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The Bembidion litorale group (subgenus Bracteon) is a group of 17 species distributed throughout the Holarctic region. Most species of this group occur on sandy beaches of rivers and lakes. Generally the shores have no vascular plants, although some species (e.g. B. inaequale) prefer areas of sparse vegetation. B. zephyrum occurs on the beaches of the Pacific Ocean. Adult Bracteon run on the beaches during the day and night; if approached on a warm, sunny day, they will take flight. They can be difficult to capture without a net.

Members of Bracteon can be abundant, with several species often living on the same beach. On a sandy beach of the North Saskatchewan River near Paynton, Saskatchewan, shown in this picture, seven species of the subgenus have been found together (B. balli, B. foveum, B. lapponicum, B. carinula, B. punctatostriatum, B. levettei, and B. inaequale).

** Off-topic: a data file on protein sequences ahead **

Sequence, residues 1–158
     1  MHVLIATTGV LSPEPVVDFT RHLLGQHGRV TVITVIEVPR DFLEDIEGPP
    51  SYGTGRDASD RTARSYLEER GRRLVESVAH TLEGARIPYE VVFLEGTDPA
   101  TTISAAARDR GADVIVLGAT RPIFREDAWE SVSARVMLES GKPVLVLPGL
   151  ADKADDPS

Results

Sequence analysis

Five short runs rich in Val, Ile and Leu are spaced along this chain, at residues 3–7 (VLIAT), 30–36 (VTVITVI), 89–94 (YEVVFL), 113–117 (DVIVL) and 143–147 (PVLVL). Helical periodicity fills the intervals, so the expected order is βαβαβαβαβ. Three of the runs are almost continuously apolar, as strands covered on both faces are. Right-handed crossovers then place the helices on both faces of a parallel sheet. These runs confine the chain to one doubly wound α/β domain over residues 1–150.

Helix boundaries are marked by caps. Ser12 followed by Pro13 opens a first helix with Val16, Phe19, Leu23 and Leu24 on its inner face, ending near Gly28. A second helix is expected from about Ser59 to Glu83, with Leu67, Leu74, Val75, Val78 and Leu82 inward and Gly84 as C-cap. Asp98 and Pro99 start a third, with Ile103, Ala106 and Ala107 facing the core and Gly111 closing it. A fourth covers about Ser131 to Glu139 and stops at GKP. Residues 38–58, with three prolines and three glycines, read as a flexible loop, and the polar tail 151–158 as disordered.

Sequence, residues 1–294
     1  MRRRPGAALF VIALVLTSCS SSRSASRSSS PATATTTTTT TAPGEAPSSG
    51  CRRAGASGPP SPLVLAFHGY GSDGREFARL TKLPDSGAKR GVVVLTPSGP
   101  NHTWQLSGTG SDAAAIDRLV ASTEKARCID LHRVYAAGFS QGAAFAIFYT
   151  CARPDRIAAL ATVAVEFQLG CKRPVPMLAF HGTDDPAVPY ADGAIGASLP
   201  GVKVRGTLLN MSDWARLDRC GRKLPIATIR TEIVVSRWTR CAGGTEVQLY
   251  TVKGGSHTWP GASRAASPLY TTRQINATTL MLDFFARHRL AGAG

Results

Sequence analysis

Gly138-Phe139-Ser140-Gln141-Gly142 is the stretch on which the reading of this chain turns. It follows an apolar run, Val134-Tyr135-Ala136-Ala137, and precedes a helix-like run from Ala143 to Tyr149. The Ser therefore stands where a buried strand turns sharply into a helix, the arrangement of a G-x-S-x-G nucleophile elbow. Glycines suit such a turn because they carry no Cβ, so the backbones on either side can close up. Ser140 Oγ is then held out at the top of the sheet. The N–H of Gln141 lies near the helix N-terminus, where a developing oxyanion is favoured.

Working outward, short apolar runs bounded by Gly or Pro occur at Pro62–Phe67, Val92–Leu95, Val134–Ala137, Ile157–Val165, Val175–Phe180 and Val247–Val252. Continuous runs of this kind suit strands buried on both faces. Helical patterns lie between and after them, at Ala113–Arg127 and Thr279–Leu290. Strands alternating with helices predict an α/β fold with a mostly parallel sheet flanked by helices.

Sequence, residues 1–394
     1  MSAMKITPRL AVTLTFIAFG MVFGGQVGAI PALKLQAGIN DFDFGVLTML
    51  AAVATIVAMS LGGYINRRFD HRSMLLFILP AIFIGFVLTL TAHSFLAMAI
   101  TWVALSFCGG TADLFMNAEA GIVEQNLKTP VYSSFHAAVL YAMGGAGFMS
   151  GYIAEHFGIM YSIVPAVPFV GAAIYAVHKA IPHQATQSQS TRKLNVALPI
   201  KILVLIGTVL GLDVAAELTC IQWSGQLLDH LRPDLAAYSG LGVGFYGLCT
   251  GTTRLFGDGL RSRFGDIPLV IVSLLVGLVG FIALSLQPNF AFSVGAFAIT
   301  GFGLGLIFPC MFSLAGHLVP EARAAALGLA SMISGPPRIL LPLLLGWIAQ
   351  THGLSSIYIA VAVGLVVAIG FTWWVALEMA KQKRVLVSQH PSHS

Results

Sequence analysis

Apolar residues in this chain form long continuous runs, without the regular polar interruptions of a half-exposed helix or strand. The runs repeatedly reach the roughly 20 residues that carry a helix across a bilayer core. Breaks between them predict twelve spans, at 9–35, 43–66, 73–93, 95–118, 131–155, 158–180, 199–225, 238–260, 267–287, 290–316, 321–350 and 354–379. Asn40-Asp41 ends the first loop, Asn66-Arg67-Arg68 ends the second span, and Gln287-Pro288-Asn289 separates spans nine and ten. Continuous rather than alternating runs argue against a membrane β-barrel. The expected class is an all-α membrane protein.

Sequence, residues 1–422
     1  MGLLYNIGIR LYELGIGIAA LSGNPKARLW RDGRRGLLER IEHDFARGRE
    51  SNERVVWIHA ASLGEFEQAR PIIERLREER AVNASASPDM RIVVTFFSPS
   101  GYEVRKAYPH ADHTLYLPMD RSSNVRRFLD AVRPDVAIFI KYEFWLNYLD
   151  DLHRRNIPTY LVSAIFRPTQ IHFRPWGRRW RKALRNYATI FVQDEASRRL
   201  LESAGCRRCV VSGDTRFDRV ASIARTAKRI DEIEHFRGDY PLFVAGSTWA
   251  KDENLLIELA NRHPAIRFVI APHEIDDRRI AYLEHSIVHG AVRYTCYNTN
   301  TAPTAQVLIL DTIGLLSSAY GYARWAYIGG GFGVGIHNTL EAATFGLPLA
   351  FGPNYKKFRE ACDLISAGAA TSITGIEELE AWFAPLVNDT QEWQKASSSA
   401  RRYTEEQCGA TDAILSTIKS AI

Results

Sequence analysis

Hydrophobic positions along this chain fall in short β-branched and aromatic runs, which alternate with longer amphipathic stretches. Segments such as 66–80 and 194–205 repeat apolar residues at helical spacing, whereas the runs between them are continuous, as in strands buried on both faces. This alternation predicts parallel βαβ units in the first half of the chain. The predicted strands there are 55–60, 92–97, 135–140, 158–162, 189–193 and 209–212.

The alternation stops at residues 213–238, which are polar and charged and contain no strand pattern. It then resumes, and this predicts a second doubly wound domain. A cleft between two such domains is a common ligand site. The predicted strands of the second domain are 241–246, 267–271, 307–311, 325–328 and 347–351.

To see a collection of pictures of adults of all but one of the known species, check out the gallery.

The species can be distinguished by external characteristics (see the Key to Species), although examination of male genitalia is sometimes necessary for greater certainty in the identification. (For a glossary of names of parts of male genitalia and other structures, see the Glossary.) More details can be found in the most recent revision of this group by Maddison (1993).


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